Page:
There is a widespread belief in the minds of the people, even in the minds of a great majority of the Shi'a themselves, in recent times, that the motives for making these pilgrimages (ziyara) are connected with the veneration of the persons to whom the pilgrimages are made, because they are noble in the eyes of God, and therefore the pilgrimages are connected with seeking intercession by them with God, and with seeking blessing from God through their mediation.
In short, the widespread belief is that these motives bring the persons to whom pilgrimages are made and the person who makes a pilgrimage to them into contact; and that this is everything.
This, however, is a great mistake.
The mistake of non-Shi'ites in the understanding of this Shi'ite practice is a result of judging it from the outside without understanding it from the inside, and without understanding its processes in the political and social ideas of the Imams of the Holy Family. The latter have made the pilgrimage (ziyara) an established practice in Islamic legal tradition and something the Muslim practises continually as a political, social and cultural institution which has been established at the heart of the Shi'ite cultural cosmology.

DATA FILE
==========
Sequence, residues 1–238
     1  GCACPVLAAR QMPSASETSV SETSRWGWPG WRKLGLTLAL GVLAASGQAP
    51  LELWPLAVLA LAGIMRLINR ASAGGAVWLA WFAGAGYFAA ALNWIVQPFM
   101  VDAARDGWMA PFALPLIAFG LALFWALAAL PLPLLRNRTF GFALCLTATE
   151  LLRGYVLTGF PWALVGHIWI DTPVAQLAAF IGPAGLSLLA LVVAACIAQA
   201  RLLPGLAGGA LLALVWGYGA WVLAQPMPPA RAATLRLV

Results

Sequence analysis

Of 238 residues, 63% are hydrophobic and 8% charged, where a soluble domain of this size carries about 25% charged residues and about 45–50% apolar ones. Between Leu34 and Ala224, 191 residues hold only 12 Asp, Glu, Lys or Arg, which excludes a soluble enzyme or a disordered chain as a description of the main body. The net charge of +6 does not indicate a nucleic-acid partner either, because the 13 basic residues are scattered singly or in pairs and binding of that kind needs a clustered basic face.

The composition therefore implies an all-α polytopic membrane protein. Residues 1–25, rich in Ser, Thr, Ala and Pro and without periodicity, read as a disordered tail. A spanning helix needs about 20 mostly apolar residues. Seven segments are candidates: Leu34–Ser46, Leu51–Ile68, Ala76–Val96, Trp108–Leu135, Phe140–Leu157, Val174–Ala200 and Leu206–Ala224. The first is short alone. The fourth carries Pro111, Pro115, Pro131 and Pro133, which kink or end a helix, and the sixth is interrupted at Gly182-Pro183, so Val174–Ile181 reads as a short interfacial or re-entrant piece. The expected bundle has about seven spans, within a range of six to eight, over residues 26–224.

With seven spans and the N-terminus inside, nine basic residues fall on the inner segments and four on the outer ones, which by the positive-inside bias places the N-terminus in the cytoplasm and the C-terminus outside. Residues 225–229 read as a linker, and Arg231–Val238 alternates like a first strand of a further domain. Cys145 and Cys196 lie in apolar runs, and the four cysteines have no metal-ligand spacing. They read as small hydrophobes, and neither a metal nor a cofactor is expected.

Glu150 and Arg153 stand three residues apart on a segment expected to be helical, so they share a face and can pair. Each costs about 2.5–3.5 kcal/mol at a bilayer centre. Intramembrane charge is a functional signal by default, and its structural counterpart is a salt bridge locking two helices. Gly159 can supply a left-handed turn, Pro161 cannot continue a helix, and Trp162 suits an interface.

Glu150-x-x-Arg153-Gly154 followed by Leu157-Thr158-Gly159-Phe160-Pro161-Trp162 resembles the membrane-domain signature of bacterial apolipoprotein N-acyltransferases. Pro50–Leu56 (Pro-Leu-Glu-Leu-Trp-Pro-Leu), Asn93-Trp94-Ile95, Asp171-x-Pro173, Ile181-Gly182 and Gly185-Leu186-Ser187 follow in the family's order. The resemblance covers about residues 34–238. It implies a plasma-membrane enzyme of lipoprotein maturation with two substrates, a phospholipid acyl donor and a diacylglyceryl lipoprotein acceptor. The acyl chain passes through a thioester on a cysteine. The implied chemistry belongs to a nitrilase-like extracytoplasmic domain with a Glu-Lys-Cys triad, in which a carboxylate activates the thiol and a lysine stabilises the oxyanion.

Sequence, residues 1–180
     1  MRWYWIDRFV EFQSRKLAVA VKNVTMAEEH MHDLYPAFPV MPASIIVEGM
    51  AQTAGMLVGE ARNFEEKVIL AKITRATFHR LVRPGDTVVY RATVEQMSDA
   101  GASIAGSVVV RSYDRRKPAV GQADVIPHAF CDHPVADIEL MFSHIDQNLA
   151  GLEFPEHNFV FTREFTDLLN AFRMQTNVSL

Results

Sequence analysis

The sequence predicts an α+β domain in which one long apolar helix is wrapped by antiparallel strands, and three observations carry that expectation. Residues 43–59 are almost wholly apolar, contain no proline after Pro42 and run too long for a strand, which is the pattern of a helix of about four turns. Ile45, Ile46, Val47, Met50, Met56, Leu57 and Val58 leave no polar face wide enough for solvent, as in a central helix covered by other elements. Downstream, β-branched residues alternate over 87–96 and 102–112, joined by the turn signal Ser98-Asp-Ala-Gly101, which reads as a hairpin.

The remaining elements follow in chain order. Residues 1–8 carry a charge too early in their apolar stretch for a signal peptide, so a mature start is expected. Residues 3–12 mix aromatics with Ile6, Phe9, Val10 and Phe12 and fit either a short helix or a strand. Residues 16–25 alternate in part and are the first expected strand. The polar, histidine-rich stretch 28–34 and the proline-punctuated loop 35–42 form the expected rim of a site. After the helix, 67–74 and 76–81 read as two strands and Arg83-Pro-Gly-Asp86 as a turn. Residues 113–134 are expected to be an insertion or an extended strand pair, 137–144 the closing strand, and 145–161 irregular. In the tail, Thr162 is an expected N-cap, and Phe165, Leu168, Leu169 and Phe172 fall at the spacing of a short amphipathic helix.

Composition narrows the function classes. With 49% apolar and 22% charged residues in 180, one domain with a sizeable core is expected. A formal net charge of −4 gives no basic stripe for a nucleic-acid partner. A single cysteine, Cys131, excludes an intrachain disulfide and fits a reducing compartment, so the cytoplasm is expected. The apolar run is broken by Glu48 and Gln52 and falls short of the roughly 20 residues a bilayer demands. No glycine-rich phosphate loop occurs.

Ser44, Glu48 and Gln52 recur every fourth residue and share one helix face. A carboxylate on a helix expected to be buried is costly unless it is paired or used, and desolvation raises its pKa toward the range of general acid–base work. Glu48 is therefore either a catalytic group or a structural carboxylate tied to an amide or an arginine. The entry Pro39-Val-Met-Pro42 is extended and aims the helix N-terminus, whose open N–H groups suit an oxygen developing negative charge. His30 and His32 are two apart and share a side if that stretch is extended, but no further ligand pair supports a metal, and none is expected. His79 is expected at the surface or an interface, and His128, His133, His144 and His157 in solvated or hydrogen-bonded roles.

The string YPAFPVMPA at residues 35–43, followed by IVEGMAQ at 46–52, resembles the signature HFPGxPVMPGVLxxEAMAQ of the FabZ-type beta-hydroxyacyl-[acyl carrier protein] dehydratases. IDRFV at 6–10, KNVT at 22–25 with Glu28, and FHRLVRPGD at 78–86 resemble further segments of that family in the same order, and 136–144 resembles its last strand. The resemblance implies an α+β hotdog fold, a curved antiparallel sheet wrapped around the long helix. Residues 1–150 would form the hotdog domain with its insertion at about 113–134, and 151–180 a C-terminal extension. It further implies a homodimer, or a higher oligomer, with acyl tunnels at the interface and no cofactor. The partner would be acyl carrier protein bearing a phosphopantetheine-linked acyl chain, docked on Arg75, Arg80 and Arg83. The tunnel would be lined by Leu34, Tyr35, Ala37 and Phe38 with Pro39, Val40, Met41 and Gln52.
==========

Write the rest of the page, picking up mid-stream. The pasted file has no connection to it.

The mistake of the Shi'a, themselves in their practice of such pilgrimages arises out of their failure to understand it as an institution which represents, in the history of Islam, the revolutionary core which has set itself up as a permanent witness and critic of the existing government and its methods of dealing with the umma.
When the inner structure of the Shi'ite man begins to crack and abandon its basic virtue, his understanding of the practices, which were formed to nourish his soul and mind, changes. Then he changes them into practices which paralyse him and justify his defeatist position. This is what has happened to the Muslim individual in general, but here we are studying the special position of Shi'ite man.
The Imams of the Holy Family directed their Shi'a to make visitations to the Prophet and the Imams who preceded them in the service of a great aim. This was to keep the relationship between living Islam and the Shi'ite man throbbing with life lest Islam become transformed in his mind into mere ritualistic practices and dead jurisprudence.
Lest the formal practical patterns of Islam, with which the Muslim lives in his daily life at the level of government and society, should become merely repetitive patterns which have been accepted from the past. Whereas they should be kept alive in his mind as the sound, healthy and pure patterns of Islam, and they should be kept alive in his mind as the faithfu1 trusted practices of Islam.
When the Imams of the Holy Family made the ziyara into an intellectual, political and social institution, they intended to put Shi'ite man in living and direct contact with the sources of his Islam in thought and ideology, in application and practice.
The texts concerning the ziyara to the Apostle of God bring light to bear on the efforts of the Apostle of God in the call to Islam, in its spreading and in its consolidation, in addition to the expressions of praise, honour and respect for the person of the Apostle which they contain.